• 06 February 2020

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    Category : Entrevista

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    “Our projects are based on Romanian foreign policy priorities”

    We interview Cătălin Harnagea, director of RoAid, the Romanian development cooperation agency

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    Cătălin Harnagea during the interview

    RoAid is Romania’s international development cooperation agency, which combines the work of Romanian public institutions, civil society and the private sector, to foster global efforts to sustainably alleviate extreme poverty and support stronger democratic institutions in developing countries.

    Romania, which joined the EU in 2007, also became an official development assistance donor (ODA) the same year. This was when the country joined the efforts by the international community to support the economic, social and political welfare of developing countries.

    Cătălin Harnagea is the director of RoAid and we had the opportunity to ask him about the newly created agency.

    Let’s talk about RoAid.

    Ours is a very young agency. We have been working for a little over a year and a half, since spring 2018. We have now carried out some missions and started projects; and in addition to our agency’s goals with our partner countries, we also want to raise the profile of our work in the European Union, for example through our recent access to the Practitioner’s Network.

    How was the agency set up and how has it evolved during this time?

    Until two years ago, we had a special unit within the Romanian Ministry of Foreign Affairs, whose function was to develop policies and establish development cooperation priorities in Romania. Now, in collaboration with this Ministry and with other institutions, as well as formulating policies and priorities, we also implement these policies through our projects.

    What can you tell us about the projects you are now managing?

    Our projects are based on Romanian foreign policy priorities, which have very important objectives in the countries and regions around Romania, including the Black Sea region and the Western Balkans. In addition, there are specific opportunities and projects in Moldova, in Ukraine, and in Georgia. Also, in 2020 we hope to start working in Armenia, Serbia, Albania, Bosnia Herzegovina and other countries in the region.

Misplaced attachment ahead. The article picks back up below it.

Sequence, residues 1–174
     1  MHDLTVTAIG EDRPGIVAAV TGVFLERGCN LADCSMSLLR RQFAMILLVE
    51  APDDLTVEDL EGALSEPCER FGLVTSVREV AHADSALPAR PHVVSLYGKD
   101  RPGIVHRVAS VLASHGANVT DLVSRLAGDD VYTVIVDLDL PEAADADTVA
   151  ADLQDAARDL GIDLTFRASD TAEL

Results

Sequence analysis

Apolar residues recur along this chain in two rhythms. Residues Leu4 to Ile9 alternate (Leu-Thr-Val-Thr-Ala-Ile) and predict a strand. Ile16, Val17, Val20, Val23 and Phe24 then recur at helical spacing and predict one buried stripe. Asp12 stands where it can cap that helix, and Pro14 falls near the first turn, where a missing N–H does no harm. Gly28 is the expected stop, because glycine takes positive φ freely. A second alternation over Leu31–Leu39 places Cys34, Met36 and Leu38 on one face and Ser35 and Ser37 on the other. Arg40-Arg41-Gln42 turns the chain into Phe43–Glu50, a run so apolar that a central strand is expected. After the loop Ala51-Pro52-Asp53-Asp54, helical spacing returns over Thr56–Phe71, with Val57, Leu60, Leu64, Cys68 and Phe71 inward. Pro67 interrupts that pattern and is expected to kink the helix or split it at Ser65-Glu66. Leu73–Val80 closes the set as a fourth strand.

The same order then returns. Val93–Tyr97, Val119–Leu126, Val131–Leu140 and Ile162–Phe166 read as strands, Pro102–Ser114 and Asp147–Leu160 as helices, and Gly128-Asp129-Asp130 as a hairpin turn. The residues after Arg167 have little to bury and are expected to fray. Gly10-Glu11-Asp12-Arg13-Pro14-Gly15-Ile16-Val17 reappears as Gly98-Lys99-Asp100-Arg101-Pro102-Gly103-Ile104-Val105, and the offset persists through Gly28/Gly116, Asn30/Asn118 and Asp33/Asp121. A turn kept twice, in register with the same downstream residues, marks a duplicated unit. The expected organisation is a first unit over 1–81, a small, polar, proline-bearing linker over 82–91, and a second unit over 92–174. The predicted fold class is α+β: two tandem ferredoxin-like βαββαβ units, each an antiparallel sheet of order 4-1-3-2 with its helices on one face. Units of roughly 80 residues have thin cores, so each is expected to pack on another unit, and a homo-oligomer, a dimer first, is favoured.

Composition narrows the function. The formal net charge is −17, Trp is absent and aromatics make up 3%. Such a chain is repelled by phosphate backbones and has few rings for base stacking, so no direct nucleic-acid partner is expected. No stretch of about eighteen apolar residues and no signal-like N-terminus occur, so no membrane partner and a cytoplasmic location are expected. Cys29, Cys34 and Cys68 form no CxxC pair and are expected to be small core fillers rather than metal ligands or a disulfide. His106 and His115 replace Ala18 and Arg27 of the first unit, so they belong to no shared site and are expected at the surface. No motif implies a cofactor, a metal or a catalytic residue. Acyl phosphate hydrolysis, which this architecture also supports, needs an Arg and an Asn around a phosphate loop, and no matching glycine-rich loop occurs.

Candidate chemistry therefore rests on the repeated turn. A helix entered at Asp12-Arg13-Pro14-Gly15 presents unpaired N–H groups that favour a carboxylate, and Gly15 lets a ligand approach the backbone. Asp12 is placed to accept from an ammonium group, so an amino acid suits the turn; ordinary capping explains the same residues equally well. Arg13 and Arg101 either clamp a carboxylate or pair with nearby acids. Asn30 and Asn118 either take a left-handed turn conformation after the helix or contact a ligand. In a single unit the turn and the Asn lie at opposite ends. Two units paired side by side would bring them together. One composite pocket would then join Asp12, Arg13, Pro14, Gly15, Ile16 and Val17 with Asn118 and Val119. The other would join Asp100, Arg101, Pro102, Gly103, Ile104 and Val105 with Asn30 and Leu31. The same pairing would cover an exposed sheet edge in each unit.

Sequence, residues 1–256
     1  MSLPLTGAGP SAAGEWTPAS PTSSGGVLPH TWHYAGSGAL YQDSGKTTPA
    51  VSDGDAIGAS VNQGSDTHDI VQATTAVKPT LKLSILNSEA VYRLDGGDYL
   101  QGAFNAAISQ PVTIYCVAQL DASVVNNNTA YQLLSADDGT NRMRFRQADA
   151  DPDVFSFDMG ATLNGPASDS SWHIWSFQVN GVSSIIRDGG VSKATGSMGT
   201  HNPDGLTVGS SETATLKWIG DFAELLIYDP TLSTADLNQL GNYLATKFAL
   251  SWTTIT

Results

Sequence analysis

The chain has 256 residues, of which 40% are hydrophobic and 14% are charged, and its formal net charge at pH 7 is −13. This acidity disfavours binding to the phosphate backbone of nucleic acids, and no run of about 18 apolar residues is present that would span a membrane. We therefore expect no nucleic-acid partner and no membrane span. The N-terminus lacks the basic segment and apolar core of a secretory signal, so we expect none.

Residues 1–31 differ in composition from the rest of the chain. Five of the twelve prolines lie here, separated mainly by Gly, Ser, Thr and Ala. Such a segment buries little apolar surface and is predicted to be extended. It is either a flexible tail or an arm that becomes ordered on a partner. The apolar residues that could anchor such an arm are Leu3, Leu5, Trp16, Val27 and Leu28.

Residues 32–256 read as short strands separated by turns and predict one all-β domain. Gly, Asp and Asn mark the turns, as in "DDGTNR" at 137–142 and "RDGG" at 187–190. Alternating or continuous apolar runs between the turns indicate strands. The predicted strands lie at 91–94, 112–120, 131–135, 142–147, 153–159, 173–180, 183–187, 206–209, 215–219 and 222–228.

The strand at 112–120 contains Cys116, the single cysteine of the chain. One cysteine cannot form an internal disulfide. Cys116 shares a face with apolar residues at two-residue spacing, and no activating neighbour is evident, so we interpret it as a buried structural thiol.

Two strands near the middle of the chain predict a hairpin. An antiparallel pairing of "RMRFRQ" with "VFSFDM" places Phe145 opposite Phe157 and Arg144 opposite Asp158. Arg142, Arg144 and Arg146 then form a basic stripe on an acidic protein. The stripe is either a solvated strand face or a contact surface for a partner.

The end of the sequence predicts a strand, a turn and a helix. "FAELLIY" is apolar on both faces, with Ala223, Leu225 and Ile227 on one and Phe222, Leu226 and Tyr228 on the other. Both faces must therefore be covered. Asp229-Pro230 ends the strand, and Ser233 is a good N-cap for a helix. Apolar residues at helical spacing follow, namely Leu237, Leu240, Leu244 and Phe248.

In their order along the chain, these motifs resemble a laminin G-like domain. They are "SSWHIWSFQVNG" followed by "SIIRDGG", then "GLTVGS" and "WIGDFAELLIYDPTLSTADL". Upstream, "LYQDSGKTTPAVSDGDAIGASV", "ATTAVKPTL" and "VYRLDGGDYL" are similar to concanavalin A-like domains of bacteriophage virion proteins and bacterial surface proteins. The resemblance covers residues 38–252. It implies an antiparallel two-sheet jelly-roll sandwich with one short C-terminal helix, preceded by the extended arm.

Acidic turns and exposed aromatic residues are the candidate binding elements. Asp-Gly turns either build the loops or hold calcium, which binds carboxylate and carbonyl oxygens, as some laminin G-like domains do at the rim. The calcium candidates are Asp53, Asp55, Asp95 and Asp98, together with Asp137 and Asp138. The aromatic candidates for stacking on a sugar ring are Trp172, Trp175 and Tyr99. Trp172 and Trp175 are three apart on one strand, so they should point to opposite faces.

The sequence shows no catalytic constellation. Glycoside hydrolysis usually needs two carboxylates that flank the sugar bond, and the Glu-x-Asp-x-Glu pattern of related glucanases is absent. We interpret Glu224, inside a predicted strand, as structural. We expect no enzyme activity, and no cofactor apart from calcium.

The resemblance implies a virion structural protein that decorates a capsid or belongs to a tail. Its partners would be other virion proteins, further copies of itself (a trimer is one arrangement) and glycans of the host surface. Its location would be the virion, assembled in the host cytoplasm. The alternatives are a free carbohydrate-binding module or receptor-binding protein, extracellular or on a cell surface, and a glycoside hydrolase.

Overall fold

I would also like to point out that our thematic priorities are 100% based on the Sustainable Development Goals of the 2030 Agenda and, with this support, we are developing and implementing some projects in Africa, such as in the Congo in the field of energy, as well as others in Zambia, Tanzania, Malawi and Zimbabwe. In fact, we going to sign a trilateral agreement between the Romanian Ministry of Foreign Affairs and the African Union.

    We have also prioritised contact with other agencies such as KOICA, a Korean cooperation agency with which we have signed a memorandum of understanding and we have relationships with other agencies such as the Japanese JICA and, of course, European agencies such as those in Austria, the Czech Republic, and Spanish agencies, such as FIIAPP.

    How do you rate your entry into the Practitioner’s Network, the network of European cooperation agencies?

    We believe that it is a fundamental pillar to consolidate the implementation of development cooperation projects and, for us, this entry is very important because we want to understand what our strategic objectives are and which of these they consider to be the most important in the long, medium and short term.

    The views and opinions expressed in this blog are the sole responsibility of the person who write them.